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Rabbit Holes no 9: Stories from the edges of regenerative agriculture

Updated: Mar 18, 2022

Did anyone else go outside on Tuesday morning to the welcome surprise of an early Spring? My goodness, we hit nearly 80 degrees in Georgia last week! Although Spring doesn’t technically begin until March 15, the fruit trees in my yard are budding out and letting loose! Let’s hope there isn’t another frost to kill off that progress. The average last frost date in Atlanta is April 15, so don’t rush to get summer plants in the ground just yet.

In the meantime, we are excited to begin planning and designing our work in DeKalb County. We should have updates about our first community forum in the next week or so. Stay tuned to future Rabbit Holes for updates on how you can get involved in this ambitious project, or better yet, sign up for our weekly newsletter to stay in the loop for everything Roots Down!

Here are this week’s links:

Black Georgians dominate Ag power in Congress

The “significant time” is this moment in American history, with the COVID-19 pandemic ravaging minority communities especially, 17 million children living in hunger, rural communities struggling without broadband access, and Black farmers, in particular, hit by natural disasters, trade wars and COVID hurdles. Coming in to oversee Washington’s response to all of it are Scott, and Bishop and Warnock, who last month rose to become the three of the most powerful voices in American agriculture. Scott is now the first Black chairman of the House Agriculture Committee. Bishop just began his second term as chairman of the House Appropriations Subcommittee on Agriculture. He’s also the first Black lawmaker to hold that job. And Warnock was elected Georgia’s first Black senator and quickly appointed to the Senate Agriculture Committee.

Instead of a Balcony, How About a Garden Apartment?

Pandemics and potential health threats posed by living in close quarters have long had an impact on the way homes have been built. About a century ago, some developers responded by creating garden cities — low-slung housing, set far apart and extra leafy. And then after World War II, came garden apartments, which despite less fancy architecture didn’t skimp on the greenery.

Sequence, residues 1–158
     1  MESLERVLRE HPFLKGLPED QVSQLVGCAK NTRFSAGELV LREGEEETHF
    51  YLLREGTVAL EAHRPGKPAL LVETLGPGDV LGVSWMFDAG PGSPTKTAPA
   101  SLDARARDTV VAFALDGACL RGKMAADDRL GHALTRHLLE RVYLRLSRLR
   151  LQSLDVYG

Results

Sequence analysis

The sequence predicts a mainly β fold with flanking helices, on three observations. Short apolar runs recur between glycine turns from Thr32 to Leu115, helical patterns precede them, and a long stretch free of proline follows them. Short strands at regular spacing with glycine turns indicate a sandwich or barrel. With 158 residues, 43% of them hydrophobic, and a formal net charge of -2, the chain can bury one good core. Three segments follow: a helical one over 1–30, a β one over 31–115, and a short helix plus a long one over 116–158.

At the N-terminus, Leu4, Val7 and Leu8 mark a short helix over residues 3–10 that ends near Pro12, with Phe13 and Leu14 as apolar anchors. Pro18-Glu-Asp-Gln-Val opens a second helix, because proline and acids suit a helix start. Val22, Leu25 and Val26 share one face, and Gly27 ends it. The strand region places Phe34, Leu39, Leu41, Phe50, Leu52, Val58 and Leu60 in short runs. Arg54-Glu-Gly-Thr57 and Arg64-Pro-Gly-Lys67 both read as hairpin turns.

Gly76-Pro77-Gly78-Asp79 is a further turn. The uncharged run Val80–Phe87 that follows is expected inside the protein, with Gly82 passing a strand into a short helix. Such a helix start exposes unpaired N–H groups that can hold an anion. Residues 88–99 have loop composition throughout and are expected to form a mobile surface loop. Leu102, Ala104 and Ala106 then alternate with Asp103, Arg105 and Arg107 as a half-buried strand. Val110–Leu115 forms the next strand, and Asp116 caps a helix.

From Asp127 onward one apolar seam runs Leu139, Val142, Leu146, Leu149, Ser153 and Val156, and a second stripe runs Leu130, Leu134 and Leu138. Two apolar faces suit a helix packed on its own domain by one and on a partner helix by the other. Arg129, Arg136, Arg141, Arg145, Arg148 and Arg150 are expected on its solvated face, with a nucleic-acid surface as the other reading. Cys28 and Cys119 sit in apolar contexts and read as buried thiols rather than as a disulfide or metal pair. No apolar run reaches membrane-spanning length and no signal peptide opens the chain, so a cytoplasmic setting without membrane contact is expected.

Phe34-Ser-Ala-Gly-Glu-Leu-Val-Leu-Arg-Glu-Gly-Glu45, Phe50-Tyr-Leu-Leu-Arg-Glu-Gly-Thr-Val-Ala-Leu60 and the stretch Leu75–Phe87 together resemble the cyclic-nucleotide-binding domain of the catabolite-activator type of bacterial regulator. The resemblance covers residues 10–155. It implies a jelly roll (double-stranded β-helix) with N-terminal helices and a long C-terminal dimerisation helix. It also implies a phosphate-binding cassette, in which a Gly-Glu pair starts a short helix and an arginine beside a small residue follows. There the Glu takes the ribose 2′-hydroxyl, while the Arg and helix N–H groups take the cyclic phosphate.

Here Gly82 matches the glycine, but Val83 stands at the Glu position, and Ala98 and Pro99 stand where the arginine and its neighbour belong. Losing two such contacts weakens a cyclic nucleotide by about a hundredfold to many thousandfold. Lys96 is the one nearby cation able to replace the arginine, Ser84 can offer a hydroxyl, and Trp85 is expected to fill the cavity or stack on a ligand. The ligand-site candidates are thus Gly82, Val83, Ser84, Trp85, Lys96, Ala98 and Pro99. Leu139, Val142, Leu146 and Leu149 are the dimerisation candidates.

Though both types of these garden communities cropped up from coast to coast, the borough of Queens is something of a national hotbed, with dozens of examples from Sunnyside Gardens to Parkway Village to Glen Oaks. Now, as anxiety about germs again informs housing decisions, these simulacra of the suburbs may be getting a fresh look.

The City Where Cars Are Not Welcome

Mr. Würzner’s goal is to reduce dependence on cars, no matter where they get their juice. Heidelberg is buying a fleet of hydrogen-powered buses, building a network of bicycle “superhighways” to the suburbs and designing neighborhoods to discourage all vehicles and encourage walking. Residents who give up their cars get to ride public transportation free for a year.

“If you need a car, use car sharing,” Mr. Würzner said in an interview at Heidelberg’s Baroque-style City Hall, which was nearly deserted because of the pandemic. “If you can’t use car sharing because you’re living too far outside and there is no mass transportation, then use the car, but just to the train station and not to downtown.”

TikTok Sensation Alexis Nikole Nelson Wants You to Love Foraging as Much as She Does

Nelson’s interest in finding the seaweed in its natural environments is more than personal. She hopes to share it on the social media platform TikTok, where she’s teaching nearly half a million people how to identify, harvest, and prepare everything from sumac to acorns to ginkgo nuts—all while presenting an alternative to the mostly white-male image of modern foraging.

Tree Corps Has A Green Job For You: Planting the ‘Healing Power’ of Trees in Low-Income Neighborhoods

American Forests, the non-profit, and TAZO Tea, the corporation, have teamed up to create TAZO Tree Corps—a paid, locally hired workforce that will increase and maintain the tree canopy in lower-income urban areas—starting in parts of Minneapolis, Detroit, Richmond, the Bronx, and San Francisco in the spring of 2021.


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